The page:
As such, if you leave the police and the courts in the hands of the state, then these tools will be used to advance the case of the tax thieves and ensure their control over the rest of us. Unsurprisingly, that is exactly what happens. Always.

    If you cannot imagine a society based on voluntary justice then I submit that you haven’t looked hard enough, either at history or theory. The state hijacking of the Common Law is a thousand years old (largely a consequence of the Norman Conquest; there is a reason why most legal terms, such as crime, justice, and judge, have French origins) but the police are a much more recent phenomenon.

    The American Founding Fathers railed against what they called “standing armies”, which basically amount to police forces. The first modern force was instituted in London in 1829. London was a city of a million people at the time and they managed to live quite well without police until then. The first American force came to New York City in 1853. There were riots against them. The people understood quite well that their purpose was control, not protection.

    As for your “2%” argument, the main problem is that the world simply does not work like that. Once you have conceded the principle of taxation and state control over the law and its enforcement, you have conceded everything. The state will inevitably use these powers for its own aggrandizement. The American experiment is proof enough of that.

    Reply
  10. cndnrose

    The articles bring me here, and I come back for the comments. This is why I love reading blogs, the best ones become a discussion, and this has become one of the best.

    Reply
  11. David

    A great overview of Austrian economics. Kudos.

    A bit more in response to the guy who claimed the macro-economics is a pseudo-science. It is, although not for the reasons he cited. Science does not require experiments or double-blinds. Science is about advancing hypotheses about the operation of the universe and then making predictions based on those theories to prove or disprove them. Gary Taubes talks about this a lot in GCBC. The Theory of Evolution, for example, is not based on experiments or studies. Neither is the Hertzsprung-Russell diagram and the Theory of Stellar Evolution. Both, however, make predictions which can be falsified and thus stand the test of true science.

    Austrian Economics is really more like math than either science or philosophy. Both math and economics are based on a few fundamental axioms about the nature of the universe and proceed to build up an entire system of thought through the application of logic to the axioms.

    To refute math, you either have to deny the axioms or to find an error in the chain of logic based on them. I don’t think that anyone would disagree with this, yet the same people who agree with this premise are perfectly happy to heap scorn on Austrian economics without even attempting to address either the axioms or the logic.

    The Austrian logic leads ineluctably to the conclusion that the state is incompetent at performing any task to which it is applied. Mises pointed out that the state has no mechanism with which to decide how to allocate scarce resources (the market uses the price system while the state basically relies on political infighting). Hayek upped the ante by showing that it can’t even have sufficient information to act. Both conclusions are based on logic, not experiment.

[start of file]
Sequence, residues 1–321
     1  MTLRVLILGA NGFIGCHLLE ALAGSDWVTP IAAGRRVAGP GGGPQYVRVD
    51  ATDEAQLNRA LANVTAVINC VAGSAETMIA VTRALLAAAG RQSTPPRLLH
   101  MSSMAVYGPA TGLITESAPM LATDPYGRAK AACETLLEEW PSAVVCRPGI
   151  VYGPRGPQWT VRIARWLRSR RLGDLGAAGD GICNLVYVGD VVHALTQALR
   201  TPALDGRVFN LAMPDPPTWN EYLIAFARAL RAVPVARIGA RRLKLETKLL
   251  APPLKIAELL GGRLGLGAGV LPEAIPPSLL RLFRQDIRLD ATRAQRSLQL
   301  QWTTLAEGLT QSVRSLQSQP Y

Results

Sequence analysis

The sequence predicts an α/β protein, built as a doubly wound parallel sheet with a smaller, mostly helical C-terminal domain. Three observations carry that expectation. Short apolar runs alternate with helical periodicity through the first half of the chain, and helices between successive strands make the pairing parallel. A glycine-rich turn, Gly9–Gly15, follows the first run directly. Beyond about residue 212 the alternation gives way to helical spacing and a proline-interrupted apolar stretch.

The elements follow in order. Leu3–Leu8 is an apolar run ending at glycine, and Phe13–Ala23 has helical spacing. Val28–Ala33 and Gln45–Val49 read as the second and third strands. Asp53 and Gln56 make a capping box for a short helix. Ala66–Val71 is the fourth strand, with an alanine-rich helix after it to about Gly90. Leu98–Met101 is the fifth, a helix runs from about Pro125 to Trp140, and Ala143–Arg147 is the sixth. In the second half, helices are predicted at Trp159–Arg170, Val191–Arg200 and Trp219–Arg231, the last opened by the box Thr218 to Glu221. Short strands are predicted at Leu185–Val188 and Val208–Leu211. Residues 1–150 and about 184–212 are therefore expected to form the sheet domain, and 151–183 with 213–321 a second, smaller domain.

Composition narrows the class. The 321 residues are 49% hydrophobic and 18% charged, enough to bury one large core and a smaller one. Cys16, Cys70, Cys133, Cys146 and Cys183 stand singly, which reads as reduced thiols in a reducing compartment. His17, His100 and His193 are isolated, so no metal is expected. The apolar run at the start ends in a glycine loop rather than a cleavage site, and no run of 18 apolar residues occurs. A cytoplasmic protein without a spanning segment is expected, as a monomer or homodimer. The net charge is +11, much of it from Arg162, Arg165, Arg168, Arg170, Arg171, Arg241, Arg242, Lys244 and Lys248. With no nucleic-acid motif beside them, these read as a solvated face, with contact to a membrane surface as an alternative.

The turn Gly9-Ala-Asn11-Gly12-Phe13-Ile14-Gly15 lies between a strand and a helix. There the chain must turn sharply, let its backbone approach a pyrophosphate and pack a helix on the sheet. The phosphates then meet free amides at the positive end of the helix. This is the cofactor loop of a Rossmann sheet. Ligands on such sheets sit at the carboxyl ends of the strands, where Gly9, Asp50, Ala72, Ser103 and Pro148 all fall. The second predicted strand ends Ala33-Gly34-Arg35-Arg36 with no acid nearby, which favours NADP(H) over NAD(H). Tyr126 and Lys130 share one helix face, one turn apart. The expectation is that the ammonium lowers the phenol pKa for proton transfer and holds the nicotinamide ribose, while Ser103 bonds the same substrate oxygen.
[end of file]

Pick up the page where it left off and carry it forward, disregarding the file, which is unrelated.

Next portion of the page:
The state is incompetent to perform even the simplest task. The Communists couldn’t even make decent cement, let alone make sure that there was food in grocery stores. Why, then, would anyone think that it is capable of performing far harder tasks like providing health care, policing, justice or defence?

    According to Austrian theory it can’t, and according to the practical outcomes in every state on the planet, it doesn’t. Earlier, you say “as for police and courts, I don’t see having a society without some mechanism to objectively apply force for the protection of innocents”. The whole point of the Austrian analysis is that all value, including the protection of innocents, is subjective. There is no such thing as a mechanism to objectively apply force. It cannot exist.

    As such, if you leave the police and the courts in the hands of the state, then these tools will be used to advance the case of the tax thieves and ensure their control over the rest of us. Unsurprisingly, that is exactly what happens. Always.

    If you cannot imagine a society based on voluntary justice then I submit that you haven’t looked hard enough, either at history or theory. The state hijacking of the Common Law is a thousand years old (largely a consequence of the Norman Conquest; there is a reason why most legal terms, such as crime, justice, and judge, have French origins) but the police are a much more recent phenomenon.

    The American Founding Fathers railed against what they called “standing armies”, which basically amount to police forces. The first modern force was instituted in London in 1829. London was a city of a million people at the time and they managed to live quite well without police until then. The first American force came to New York City in 1853. There were riots against them. The people understood quite well that their purpose was control, not protection.

    As for your “2%” argument, the main problem is that the world simply does not work like that. Once you have conceded the principle of taxation and state control over the law and its enforcement, you have conceded everything. The state will inevitably use these powers for its own aggrandizement. The American experiment is proof enough of that.